As We See It

Sort By: Post Date | Title | Publish Date
Filed under
Jim Austin Posted: May 29, 2012 4 comments
Portland, Maine, my hometown for the better part of two decades, is a pretty hip place. We are not, for the most part, innovators in fashion, but we are early adopters of the more interesting latest styles.

For years now, what I take to be a Brooklyn style has been prevalent among the local twentysomething crowd. The hipper restaurants are full of pretty young women and bearded men in plaid shirts who, on the one hand, seem ready for the woodlot but who, on the other hand, seem too skinny to lift a decent-size chainsaw. Likely as not, they arrived on single-speed racing bikes converted for commuter use. Nifty machines.

J. Gordon Holt Edward T. Dell, Jr. Posted: Nov 29, 2016 Published: Apr 01, 1967 2 comments
Editor's Note: in the main, Stereophile has steered clear of DIY audio projects, leaving them to magazines like The Audio Amateur, which was published by the late Edward T. Dell. But one of the exceptions was this 1967 article on the "Brute," a tube amplifier design by none other than Ed Dell. Note that the DIY competition mentioned by Gordon Holt is long closed to entries.—John Atkinson

There's a platitude to the effect that the road to Hell is strewn with good intentions. Well, we don't see ourselves as headed for perdition, but we must admit that we are surveying a rather impressive-looking junk pile of good intentions at this point.

Denis Stevens Posted: Dec 24, 2008 Published: Apr 03, 1990 0 comments
Paul Gowan's letter in the October 1989 Stereophile hinted that, whether or not audiophiles enjoy music, it should be true that the emotional experience we derive from music is what really matters. There, barefaced, lies the problem: who are "we"? A well-known Latin epigram affirms that in matters of taste there is no point in discussion. And a Greek epigram (coined in fact by Max Beerbohm in his Oxford novel Zuleika Dobson) suggests that "for people who like that kind of thing, that is the kind of thing they like."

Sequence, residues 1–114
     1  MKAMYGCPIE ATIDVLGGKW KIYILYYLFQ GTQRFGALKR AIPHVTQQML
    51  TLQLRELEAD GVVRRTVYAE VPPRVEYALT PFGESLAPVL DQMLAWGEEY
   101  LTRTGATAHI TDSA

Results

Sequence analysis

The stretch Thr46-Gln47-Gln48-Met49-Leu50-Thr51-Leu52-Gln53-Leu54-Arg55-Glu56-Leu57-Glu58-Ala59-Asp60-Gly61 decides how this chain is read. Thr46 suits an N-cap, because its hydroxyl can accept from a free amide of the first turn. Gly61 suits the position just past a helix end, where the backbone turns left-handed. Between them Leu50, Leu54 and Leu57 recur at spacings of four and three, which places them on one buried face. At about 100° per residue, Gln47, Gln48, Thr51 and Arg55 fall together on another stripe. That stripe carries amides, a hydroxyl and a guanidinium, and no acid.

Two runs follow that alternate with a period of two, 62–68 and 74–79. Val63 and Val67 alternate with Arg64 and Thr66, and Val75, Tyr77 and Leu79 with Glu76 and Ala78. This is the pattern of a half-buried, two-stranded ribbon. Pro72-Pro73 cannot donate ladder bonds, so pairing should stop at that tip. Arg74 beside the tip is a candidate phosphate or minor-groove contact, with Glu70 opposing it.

J. Gordon Holt Posted: Nov 09, 2016 Published: Aug 01, 1964 2 comments
Like every sensible publication, The Stereophile keeps track of the questions raised by readers who write to us, so we can get some idea of what most of you would like to see in future issues of the magazine. To date, the list looks like this, in order of diminishing interest: transistor amps and preamps, loudspeakers, pickups, tape equipment, tuners and, way at the bottom of the list, recordings. We are devoting most of the August 1964 issue to a discussion of commercial recording practices.
Filed under
Jason Victor Serinus Posted: Sep 20, 2016 17 comments
What do Prince, David Bowie, Merle Haggard, Gato Barbieri, Phife Dawg, Frank Sinatra Jr., Keith Emerson (Emerson Lake & Palmer), Dan Hicks (Dan Hicks and His Hot Licks), Maurice White (Earth, Wind & Fire), Paul Kantner and Signe Toly Anderson (Jefferson Airplane), Glenn Frey (Eagles), Dale Griffin (Mott the Hoople), pianist Paul Bley, bassist Rob Wasserman, sopranos Susan Chilcott, Phyllis Curtin, and Denise Duval, countertenor Brian Asawa, composers Steven Edward Stucky and Sir Peter Maxwell Davies, and conductors Pierre Boulez, Nikolaus Harnoncourt, Gilbert Kaplan, Gregg Smith, and Royston Nash have in common? Besides the fact that all were musicians who made multiple recordings and who died in 2016, their recorded legacies rarely, if ever, get airplay at dealerships or audio shows.
J. Gordon Holt Posted: Dec 31, 1969 Published: Jun 01, 1963 1 comments
Editor's Introduction: In 1963, Stereophile's founder J. Gordon Holt published attacks on what he saw as the single largest step backward in high-fidelity sound reproduction at that time: RCA's introduction of "Dynagroove" LP records, where the recorded signal was pre-distorted and dynamically equalized to compensate for the poor performance of cheap phonograph players. "Issue 5...revealed most of RCA Victor's 'revolutionary' new system as nothing more than a sophisticated way of bringing higher fi to record buyers who don't care enough about hi-fi to invest in a decent playback system." Ten years later, Gordon wrote that, "As of 1974, the best we can say for Dynagroove is that there is no audible evidence of it on current RCA releases." (These articles were reprinted in June 1992, Vol.15 No,6, as part of Stereophile's 30th-anniversary celebrations.)John Atkinson